According to a survey of 7th, 9th, and 11th graders in Teton Valley, kids here are vulnerable in the areas of commitment to learning, positive self-identity, and constructive uses of time.

Teton Valley Youth Alliance steps up with survey findings

The members of the Teton Valley Youth Alliance see a silver lining to social isolation: it’s a good time to think about helping young people build and maintain the assets in their lives that keep them free from substance abuse.

Through the Office of Drug Policy’s Substance Abuse Prevention Block Grant, last year juvenile probation officer Renee Leidorf and youth counselor Sara McKeown White surveyed 289 students in 7th, 9th, and 11th grade with the Search Institute’s Developmental Assets profile.

According to research by the Search Institute, a national nonprofit, there are 40 developmental assets present in a kid’s life that can be protective factors against substance abuse. Half of the assets are internal, like honesty, values, and self-esteem, while the other half are external, like safety, positive adult relationships, and creative outlets. Those external assets are the ones the Teton Valley Youth Alliance wants to focus on.

The survey results indicate that local kids are vulnerable in three areas: sense of self worth, constructive use of time, and commitment to learning. They feel supported by their peers and very supported by their families but don’t feel the same level of support from the community or from within themselves.

White said that with the survey results, she has a better idea of what to focus on and how to help. She has come to realize that while this community tries to offer a lot of programming for young adults, the question is how to get them engaged in those offerings.

“If kids don’t feel good about themselves, they won’t show up and take part in new experiences,” she said. “That’s been one of my takeaways and has challenged me to think in different ways.”

The valley’s new reality of school closures and social isolation presents both challenges and opportunities, White said. She encourages adults to empower teenagers to have some additional responsibilities and give them a sense of purpose, but also to let them vent about some of their frustrations and feelings about isolation.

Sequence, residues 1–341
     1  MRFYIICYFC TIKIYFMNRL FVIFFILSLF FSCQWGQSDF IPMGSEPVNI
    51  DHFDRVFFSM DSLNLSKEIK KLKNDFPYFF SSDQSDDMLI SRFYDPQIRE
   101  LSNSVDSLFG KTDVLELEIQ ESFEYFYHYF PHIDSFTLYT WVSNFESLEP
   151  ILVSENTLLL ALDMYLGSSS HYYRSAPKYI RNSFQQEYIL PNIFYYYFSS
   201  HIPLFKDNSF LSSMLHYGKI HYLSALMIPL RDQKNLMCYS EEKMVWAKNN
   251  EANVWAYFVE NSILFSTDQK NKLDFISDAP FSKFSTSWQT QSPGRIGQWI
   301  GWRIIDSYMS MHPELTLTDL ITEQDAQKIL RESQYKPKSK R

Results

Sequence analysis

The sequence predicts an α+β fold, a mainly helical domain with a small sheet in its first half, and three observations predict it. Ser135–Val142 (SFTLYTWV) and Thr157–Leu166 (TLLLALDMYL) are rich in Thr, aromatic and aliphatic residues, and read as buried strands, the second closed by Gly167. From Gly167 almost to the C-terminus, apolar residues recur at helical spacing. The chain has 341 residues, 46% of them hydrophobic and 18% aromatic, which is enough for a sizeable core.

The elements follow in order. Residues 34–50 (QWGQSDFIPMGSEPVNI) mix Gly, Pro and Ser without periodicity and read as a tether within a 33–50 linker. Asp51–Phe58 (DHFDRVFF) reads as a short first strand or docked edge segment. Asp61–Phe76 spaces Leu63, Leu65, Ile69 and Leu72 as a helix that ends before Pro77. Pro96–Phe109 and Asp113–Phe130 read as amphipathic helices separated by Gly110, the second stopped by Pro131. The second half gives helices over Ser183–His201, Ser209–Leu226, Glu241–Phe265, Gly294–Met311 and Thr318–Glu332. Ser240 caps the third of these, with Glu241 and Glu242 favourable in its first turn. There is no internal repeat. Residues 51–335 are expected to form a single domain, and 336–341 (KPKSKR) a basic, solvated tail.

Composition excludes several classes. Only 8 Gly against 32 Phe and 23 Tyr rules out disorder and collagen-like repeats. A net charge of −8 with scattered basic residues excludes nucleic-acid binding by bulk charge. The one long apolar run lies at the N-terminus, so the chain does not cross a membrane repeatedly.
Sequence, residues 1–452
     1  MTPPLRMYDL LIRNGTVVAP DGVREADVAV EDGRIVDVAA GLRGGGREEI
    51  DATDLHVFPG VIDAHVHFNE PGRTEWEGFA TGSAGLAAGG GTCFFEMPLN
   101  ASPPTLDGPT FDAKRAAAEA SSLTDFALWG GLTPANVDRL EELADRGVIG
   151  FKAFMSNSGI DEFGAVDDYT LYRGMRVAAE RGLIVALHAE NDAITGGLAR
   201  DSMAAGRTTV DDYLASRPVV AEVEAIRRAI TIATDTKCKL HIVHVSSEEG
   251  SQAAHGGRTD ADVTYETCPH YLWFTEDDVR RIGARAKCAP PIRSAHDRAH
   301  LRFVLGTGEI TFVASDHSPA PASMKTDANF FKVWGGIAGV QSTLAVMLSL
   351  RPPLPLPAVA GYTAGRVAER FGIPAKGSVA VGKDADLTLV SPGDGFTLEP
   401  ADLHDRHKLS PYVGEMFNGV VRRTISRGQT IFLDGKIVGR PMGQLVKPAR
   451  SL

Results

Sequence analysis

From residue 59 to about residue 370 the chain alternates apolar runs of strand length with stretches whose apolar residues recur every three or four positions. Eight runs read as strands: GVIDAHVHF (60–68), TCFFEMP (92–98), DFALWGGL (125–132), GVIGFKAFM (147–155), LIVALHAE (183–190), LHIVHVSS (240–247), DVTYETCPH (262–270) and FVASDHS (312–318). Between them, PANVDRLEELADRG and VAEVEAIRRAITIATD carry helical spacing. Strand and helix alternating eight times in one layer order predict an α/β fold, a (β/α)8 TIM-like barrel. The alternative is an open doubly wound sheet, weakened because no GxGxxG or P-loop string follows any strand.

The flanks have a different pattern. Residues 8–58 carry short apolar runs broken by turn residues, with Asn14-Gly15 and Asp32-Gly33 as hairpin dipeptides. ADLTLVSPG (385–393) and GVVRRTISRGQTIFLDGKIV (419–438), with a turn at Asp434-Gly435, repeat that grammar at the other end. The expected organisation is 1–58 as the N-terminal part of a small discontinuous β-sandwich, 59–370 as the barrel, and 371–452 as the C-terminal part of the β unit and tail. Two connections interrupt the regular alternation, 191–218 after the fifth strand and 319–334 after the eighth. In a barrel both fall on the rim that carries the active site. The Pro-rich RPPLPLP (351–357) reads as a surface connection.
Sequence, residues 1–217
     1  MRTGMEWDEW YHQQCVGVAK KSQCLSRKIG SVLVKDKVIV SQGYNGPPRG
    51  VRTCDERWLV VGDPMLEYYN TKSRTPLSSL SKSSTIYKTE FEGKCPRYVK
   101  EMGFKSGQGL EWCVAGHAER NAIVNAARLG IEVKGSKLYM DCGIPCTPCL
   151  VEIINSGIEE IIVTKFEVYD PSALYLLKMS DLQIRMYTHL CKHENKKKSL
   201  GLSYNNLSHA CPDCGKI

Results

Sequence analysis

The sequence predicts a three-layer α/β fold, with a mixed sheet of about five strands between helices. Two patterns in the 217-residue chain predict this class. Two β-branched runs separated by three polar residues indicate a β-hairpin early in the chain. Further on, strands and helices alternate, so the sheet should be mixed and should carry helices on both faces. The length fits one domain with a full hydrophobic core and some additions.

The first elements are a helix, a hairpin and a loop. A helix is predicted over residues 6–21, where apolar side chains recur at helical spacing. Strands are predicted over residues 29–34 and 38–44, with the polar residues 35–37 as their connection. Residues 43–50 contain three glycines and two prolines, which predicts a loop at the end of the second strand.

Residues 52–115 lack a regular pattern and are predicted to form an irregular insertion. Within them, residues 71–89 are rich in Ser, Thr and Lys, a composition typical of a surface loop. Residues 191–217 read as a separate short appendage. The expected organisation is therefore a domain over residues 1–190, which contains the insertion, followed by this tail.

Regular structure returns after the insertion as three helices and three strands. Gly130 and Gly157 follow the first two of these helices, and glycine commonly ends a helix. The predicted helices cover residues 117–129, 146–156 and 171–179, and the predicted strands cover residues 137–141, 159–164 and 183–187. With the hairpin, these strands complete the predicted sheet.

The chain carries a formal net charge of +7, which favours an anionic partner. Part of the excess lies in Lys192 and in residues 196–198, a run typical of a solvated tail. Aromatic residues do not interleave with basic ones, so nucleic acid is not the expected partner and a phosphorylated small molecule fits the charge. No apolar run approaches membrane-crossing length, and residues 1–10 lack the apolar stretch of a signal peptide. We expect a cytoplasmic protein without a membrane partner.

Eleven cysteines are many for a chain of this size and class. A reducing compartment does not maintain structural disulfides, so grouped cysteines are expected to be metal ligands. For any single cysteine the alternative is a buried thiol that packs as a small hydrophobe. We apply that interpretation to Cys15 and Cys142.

“We have to acknowledge that this is really hard for them,” White said. “The lack of social engagement is huge at this age. And the Class of 2020 is losing milestone experiences — can we help provide those in a creative, meaningful way? It takes a village, and just because we’re not face to face doesn’t mean we can’t have a village.”

In the last month, TVYA has made the rounds with local governments and organizations, introducing community leaders to its grant-funded work.

At city council meetings around the valley, White, Leidorf, and program evaluator and consultant Jill Naylor-Yarger emphasized that positive non-family adult relationships are one of the best protective factors against youth substance abuse.

“This doesn’t have to be a big thing — it can be just knowing the names of the kids that live next door to you and speaking to them like human beings,” White told Tetonia officials at the beginning of March. “The more you connect, the better they feel and the more connected they feel.”

TVYA is offering itself as a resource for youth-focused programming and will feature different assets through videos, blogs, and articles on its website,

"We have kind of a captive audience right now," White noted. 

She added that TVYA hopes to earn the grant again and in two years survey the same kids to see if they’ve made positive progress.

“That’s the ultimate question, where will the kids in the middle be? Will they be more challenged or more thriving in two years? We have the potential to make a huge impact on them right now,” she said.


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